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  1. Vintage Cannonball Clip

    Thanks for locating, Jim. I'm embarrased I didn't track it down myself (and I call myself a reporter). FYI, follow Jim's link and at the bottom of the page you can link to the clip of Cannonball on "Kung Fu" with Jose Feliciano. There are no words. Half tempted to start a new thread about unlikely TV appearances by jazz musicians.
  2. Vintage Cannonball Clip Came across this burning film of Cannonball's Quintet with Nat, Barry Harris (!), Sam Jones, Louis Hayes. It's in color. I've never seen it before. Anybody know anything about its origins? Tune is Sam's "Del Sasser" and Barry's presence would date it to 1960. The sound is pretty bad until about halfway through the alto solo and then it stabilizes. 'Ball and Barry sound especially great -- dig the saxophone coda. More info anyone?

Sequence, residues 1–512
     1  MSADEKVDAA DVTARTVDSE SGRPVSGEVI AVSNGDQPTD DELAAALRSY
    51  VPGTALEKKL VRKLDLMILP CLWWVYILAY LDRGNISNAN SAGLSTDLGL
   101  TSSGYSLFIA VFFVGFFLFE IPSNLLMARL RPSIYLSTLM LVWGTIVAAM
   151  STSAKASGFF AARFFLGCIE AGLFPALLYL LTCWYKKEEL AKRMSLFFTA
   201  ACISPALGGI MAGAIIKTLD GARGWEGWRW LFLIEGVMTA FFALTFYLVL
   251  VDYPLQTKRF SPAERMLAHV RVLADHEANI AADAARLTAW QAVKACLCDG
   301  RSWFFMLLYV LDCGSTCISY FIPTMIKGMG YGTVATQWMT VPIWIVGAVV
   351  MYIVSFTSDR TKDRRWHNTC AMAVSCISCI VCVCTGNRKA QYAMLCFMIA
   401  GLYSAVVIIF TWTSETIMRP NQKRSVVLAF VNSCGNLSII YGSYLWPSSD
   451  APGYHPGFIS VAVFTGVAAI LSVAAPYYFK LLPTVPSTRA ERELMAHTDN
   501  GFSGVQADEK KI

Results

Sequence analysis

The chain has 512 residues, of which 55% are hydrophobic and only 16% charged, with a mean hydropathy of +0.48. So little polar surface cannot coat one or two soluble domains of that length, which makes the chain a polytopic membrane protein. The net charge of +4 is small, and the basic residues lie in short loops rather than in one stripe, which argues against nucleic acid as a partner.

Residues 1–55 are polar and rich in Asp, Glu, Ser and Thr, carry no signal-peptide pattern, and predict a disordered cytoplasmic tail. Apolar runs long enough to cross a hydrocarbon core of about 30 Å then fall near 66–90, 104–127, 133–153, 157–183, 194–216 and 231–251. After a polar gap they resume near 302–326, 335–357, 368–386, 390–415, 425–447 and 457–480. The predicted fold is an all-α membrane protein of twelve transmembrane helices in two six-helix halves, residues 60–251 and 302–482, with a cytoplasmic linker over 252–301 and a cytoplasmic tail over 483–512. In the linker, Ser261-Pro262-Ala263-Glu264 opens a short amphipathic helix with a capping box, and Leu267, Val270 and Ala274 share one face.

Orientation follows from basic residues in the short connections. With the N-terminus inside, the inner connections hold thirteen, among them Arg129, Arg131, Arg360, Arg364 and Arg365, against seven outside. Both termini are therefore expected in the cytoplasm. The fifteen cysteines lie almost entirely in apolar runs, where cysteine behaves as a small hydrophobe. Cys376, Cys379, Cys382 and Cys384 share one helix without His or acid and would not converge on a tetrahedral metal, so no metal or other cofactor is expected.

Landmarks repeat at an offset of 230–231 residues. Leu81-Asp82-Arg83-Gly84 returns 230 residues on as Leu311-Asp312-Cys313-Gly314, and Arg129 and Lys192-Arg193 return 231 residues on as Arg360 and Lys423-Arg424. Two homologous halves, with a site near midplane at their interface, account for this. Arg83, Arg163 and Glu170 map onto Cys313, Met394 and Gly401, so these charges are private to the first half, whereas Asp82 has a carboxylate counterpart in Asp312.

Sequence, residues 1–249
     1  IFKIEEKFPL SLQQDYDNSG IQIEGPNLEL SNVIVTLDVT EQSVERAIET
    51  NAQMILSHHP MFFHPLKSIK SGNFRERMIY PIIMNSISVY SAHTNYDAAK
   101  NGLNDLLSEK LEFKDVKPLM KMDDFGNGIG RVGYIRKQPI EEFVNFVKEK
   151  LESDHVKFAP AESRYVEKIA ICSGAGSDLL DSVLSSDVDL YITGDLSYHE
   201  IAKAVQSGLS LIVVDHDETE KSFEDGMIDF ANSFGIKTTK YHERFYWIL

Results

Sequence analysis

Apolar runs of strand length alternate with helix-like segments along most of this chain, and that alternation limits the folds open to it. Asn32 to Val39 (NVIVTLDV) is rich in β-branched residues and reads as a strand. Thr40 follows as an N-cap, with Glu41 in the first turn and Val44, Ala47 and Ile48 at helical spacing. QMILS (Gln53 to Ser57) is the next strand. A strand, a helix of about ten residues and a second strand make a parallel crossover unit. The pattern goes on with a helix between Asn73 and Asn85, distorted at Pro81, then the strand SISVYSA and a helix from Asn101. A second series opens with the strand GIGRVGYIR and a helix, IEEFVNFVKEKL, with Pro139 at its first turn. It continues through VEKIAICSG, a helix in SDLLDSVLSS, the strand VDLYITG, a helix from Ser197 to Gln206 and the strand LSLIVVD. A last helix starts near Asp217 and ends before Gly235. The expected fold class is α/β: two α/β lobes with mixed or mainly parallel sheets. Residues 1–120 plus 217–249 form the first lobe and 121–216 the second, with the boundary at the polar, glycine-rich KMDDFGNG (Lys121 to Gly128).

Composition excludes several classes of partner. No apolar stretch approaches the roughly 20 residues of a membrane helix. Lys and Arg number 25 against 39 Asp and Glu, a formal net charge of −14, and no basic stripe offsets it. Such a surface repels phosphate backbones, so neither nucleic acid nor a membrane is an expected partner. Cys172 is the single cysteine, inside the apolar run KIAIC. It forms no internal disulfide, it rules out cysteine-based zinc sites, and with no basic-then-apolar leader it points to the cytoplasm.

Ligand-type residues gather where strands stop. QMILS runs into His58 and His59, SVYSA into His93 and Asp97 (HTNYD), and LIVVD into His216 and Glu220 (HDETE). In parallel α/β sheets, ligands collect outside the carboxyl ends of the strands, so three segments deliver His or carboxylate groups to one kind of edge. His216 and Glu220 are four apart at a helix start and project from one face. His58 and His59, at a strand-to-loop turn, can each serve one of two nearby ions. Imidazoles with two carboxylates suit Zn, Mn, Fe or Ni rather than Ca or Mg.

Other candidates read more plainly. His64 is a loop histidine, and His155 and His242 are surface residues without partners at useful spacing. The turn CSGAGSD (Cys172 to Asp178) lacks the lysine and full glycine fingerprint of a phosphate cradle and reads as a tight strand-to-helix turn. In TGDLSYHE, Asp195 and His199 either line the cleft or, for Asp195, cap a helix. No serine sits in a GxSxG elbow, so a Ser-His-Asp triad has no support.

3. I don't have the Woideck book but there's a good explanation of this issue in DeVeaux's "The Birth of Bebop." (Page 189, footnote 4). The Chili House" anecdote -- the notion that Bird's great harmonic epiphany that led directly to his mature style, thus bebop, came to him in a moment of inspiration playing 'Cherokee' in a chili house in 1939 with guitarist Biddy Fleet --derives originally from a 1949 Down Beat article about Bird by John Wilson and Michael Levin. The authors barely quote Bird directly, telling the story almost completely in paraphrase, including the key sentence: "Working over Cherokee with Fleet, Charlie suddendly found that by using higher intervals of a chord as a melody line and backing them with appropriately related changes, he could play this thing he had been 'hearing.l' Fleet picked it up behind him and bop was born." As DeVeaux notes, the pendantic reference to "appropriately related changes" seems clearly to to be the authors' own approximation of the technical explanation they could pick up from Bird This passage was picked up by Nat Shapiro and Nat Hentoff's oral history "Hear Me Talkin' to Ya." -- except that now this entire passage has been put into Parker's mouth. This is the version that's become part of the history of jazz: Here's the end of the "quote." "Well, that night, I was working over Cherokee, and, as I did, I found that by using the higher intervals of a chord as a melody line and backing them with appropriately related changes, I could play the thing I'd been hearing. I came alive." Not only did Shapiro/Hentoff transcribe these words as Parker's own, they also imported the final line "I came alive" from an earlier part of the Down Beat article (also in the author's paraphrase) giving the story an extra punch as the great "Ah, Ha!" moment in the birth of bebop. But, of course, the notion is ridiculous. No musician would actually talk this way. It's not entirely clear what the passage actually means other than a vague reference to 9ths, 11ths, 13ths and substitue changes. Plus, the notion of a single epiphany is dubious on its face. This is a great example of the historically poor standards of jazz scholarship and criticism in which urban legend becomes codified as fact. As an aside, this was one of the themes of a seminar I took in jazz history at the University of Illinois back in the mid '80s with the pioneering jazz musicologist Larry Gushee, who was always bemoaning that standards of accuracy in the field were so much lower than would ever be accepted in classical music. (The chili house story was one that came up in the class, I recall.) The reasons, of course, are complex. Part of the issue has to do with the history of jazz criticism and journalism, which became the de facto historical record, but which was penned mostly by enthusiastic, often unduly biased fans and other writers without the musical knowledge or research and writing skills to get it right. A lot of b.s. found its way into the bloodstream and hasn't worked itself out yet. And jazz scholarship wasn't taken seriously either for a long time either, so standards remained low, though, thankfully, this has changed dramatically in the last 15-20 years. Guys like Porter, DeVeaux, Berliner -- standing on the shoulders of Gushee and a few others -- are meticulous scholars and they are helping to train the next generation. Even if you don't agree with this or that conclusion, the empirical foundation of the work is secure.